In the case of Anton Mesmer, the king of France appointed Benjamin Franklin (from America) to lead a commission to investigate the Austrian doctor’s method. What Ben Franklin did resembled to “the control group” in modern day research. To one group, he and his assistants would wave iron rods to “magnetize” blindfolded testing subjects or did it behind their backs so they had no idea what’s happening. To another group, Franklin and his men would do nothing but made the test subjects believed that they were being magnetized. The test results were exactly what the critics of Mesmer wanted. One woman who was “susceptible” to magnetizing went into an “elaborated magnetic crisis” when the commission members only pretended to magnetize her. Other test subjects had absolutely no response when actual magnetism was performed. In the end, there seemed to be no direct correlation between magnetism and the patient’s response. But, according to the podcast, the work of the commission was more than a simple debunk of a myth. Instead, their conclusion was profound. They concluded that the effect had to do with the patients’ believing in Mesmer’s method and the bond between the patient and the mesmerizer. Some investigator concluded that the effects worked through the drama of the healing process. Modern medicine says that cure that comes from drama doesn’t count. In order for cure to occur, it has to do with a physical event and not a psychological one. In the case of Mesmer, he showed that often patients got better not because of the doctor’s skill or even the healing method but because of the very presence of the doctor!
Ted Kaptchuk is an herbalist trained in Macau, Taiwan, and Mainland China. Harvard Medical School hired him to give their western trained doctors a perspective of Alternative Medicine. When Kaptchuk learned of the western medicine concept of placebo effect, he was so fascinated by it and decided to conduct a study. From what he has observed in his own private practice, patients came to him in pain or discomfort would display signs of relief at the end of the visit even when all he did was giving them a prescription for herbs. It led him to wonder what else was at play. When he described the healer-patient dynamics, it sounded much like choreographed rituals. He would ask questions as expected by the patient. He would lean in to probe more and he would withdraw when he sensed a cue from the patient’s response. He would write down notes from their conversations and bring them up in the next appointment. “That sounds like acting,” commented the podcast host. “It is healing in drama,” he replied.
One question Kaptchuk had in mind on placebo effect was “How well does it work if patients actually know what they are taking?” Apparently, he would need to find out in a study. A woman who was diagnosed to have Irritable Bowel Syndrome (IBS) learned of Kaptchuk’s study on the radio and that they were looking for test subjects. She signed up for the study to receive treatment for her IBS. Knowing what placebo is, she was quite surprised (and disappointed) when she heard that’s what she’s given for her condition. However, she decided to follow the doctor’s instructions on how to take her pills. But, perhaps, the bigger surprise was that she got better on the fourth day. Accordingly, other patients in this study also had similar results. At the end of the study, this patient was symptoms free, but the doctor also informed her that he could no longer provide her with the placebos even when the patient expressed concerns that her pain will come back. For sure, her pain did come back within weeks after stopping the placebos. A year later, she went back to Kaptchuk, who agreed to put her back on the placebos. Within a week, her pain was gone. The podcast concludes that it was not just the placebo. It was the whole drama of going to the doctor. “The placebo effect is not a mind-body new age mind cure,” Kaptchuk said. “Those things happened not because you think but because you do, you perform, you enact.” What the podcast host says towards the end is perhaps worth considering. “When we go to a doctor, we have explicit and implicit needs. The explicit needs are obvious. We want someone who is intelligent and skillful who can correctly diagnose our problems. But we’re also looking for someone who can attend to our sufferings, not just our illness. We need someone to trust in moments of fear and vulnerability. We want more than answers. We want reassurance.”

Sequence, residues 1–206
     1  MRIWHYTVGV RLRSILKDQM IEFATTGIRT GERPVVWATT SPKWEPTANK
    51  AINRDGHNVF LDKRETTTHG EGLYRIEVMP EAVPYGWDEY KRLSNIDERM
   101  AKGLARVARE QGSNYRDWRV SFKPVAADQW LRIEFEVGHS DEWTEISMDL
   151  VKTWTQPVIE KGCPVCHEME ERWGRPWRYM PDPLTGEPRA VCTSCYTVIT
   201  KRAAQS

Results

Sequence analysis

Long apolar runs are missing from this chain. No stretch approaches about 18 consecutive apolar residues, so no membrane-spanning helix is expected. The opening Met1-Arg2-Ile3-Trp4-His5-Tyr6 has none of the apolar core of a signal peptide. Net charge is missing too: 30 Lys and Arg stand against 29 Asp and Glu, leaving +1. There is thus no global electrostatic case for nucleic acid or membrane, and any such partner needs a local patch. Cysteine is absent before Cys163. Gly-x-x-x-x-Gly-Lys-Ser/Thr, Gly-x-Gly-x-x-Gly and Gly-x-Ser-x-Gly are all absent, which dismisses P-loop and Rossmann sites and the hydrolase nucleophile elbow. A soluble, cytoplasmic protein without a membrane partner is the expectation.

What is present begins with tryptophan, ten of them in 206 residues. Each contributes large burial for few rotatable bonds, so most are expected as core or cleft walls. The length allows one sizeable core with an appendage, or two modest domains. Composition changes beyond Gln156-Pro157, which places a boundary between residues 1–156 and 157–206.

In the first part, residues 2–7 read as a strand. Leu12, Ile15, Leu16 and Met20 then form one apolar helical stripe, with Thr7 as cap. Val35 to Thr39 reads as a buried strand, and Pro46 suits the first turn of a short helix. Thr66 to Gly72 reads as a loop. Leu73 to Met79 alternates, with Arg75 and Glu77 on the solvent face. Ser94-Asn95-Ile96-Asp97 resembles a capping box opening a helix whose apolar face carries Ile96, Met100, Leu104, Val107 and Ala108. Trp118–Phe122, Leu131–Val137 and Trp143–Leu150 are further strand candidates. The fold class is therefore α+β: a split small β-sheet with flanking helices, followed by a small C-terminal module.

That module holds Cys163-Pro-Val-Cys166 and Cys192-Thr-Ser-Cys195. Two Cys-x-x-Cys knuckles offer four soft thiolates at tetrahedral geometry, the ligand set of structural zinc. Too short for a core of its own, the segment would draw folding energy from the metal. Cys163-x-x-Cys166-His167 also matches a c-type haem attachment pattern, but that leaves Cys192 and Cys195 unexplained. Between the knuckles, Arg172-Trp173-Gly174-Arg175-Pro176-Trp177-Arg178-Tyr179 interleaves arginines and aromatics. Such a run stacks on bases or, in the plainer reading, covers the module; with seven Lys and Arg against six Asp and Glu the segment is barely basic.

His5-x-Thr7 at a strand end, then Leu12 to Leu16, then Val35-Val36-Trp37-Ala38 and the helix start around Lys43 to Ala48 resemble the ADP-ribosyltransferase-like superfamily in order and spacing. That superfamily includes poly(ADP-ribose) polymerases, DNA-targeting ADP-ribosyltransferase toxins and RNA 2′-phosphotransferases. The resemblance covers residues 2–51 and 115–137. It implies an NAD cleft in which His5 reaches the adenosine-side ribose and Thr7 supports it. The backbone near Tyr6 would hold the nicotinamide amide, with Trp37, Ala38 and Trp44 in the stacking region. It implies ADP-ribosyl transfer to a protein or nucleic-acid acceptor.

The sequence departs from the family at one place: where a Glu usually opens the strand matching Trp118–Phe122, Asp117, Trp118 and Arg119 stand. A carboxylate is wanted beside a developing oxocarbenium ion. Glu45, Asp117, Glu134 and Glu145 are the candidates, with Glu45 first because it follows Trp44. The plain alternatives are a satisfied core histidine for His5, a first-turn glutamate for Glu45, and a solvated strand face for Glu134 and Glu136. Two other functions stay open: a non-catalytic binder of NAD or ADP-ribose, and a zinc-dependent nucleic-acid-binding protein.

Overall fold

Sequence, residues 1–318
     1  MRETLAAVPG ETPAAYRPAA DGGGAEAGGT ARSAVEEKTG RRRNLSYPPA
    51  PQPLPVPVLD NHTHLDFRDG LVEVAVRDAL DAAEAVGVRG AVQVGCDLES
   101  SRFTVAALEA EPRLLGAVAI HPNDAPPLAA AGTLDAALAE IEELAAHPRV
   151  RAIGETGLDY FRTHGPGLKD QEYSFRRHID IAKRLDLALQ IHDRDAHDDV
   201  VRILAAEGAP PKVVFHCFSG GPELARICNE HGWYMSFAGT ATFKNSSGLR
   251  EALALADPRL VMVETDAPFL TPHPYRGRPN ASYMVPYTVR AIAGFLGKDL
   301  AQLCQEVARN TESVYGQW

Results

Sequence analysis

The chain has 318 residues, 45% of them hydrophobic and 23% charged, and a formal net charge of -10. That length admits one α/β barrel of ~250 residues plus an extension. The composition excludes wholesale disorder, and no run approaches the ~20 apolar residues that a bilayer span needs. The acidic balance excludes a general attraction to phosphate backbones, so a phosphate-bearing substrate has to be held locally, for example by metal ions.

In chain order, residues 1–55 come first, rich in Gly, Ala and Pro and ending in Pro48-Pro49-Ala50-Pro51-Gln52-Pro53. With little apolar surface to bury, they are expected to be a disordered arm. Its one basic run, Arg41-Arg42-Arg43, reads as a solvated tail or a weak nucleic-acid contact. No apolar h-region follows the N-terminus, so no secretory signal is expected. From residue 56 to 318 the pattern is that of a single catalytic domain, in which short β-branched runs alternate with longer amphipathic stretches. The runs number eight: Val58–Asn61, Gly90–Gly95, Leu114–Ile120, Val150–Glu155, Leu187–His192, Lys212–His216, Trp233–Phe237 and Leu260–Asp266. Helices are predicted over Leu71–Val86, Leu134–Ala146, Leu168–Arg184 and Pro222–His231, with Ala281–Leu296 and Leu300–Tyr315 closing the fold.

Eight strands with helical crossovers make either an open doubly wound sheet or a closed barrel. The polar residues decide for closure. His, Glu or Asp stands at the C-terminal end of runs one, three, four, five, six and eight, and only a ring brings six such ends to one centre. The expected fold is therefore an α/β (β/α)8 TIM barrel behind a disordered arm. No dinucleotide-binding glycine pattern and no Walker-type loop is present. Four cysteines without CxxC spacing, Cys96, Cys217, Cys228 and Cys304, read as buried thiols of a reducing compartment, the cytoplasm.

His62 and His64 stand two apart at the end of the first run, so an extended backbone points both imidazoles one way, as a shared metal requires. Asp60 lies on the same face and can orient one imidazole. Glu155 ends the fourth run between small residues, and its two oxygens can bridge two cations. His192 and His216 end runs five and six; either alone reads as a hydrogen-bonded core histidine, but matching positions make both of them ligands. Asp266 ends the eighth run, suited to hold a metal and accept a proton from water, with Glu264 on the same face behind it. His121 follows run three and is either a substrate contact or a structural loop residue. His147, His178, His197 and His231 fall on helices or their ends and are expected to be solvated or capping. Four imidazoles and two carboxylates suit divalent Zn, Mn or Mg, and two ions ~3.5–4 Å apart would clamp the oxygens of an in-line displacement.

All these coincide with what happens during a charismatic events with miraculous healing. Believers who go up to the healer are looking for not only healing of their illness but also reassurance of their faith. God is present! God is real! I am experiencing God in His healing my body. These are very powerful notions that a believer may realize through the healer who lays hands on him or her. One may fall before the Spirit. One may convulse or burst into holy laughters. In spite of the form of the experience, the believer is reassured.
In view of what is being discussed in this article, one should not dismiss the work of the Holy Spirit as the “placebo effect” or some sort of psychological phenomenon. The first and foremost response of an evangelical should be “I believe in the Holy Spirit” as the Nicene Creed confesses. What follows this confession is the belief in miracles – the ones described inside the Bible and those experienced outside. The new insight that the NPR podcast may have contributed is that miraculous healings may belong to the more general work of the Spirit rather than that of the specific. When the believer seeks one who can tend to his or her suffering, not just the illness, and when the believer needed someone to trust in the moment of fear and vulnerability, healing occurred in the presence of the “doctor”, or in this case, the preacher. For what Kaptchuk has suggested, this power may belong to part of the creation order, which is very well the work of the Spirit. As much as Christians are prone to be impressed by specific manifestations than the general, this writer is suggesting the healing power experienced may not be related to a specific encounter of God that he made his presence in a supernatural way that is otherwise unseen. Rather, it is a mechanism that he has built in as part of the creation that patience and kindness occurring within the context of a doctor-patient bonding has healing power. The difference between believers and non-believers is that the former will give glory to God while the latter will not.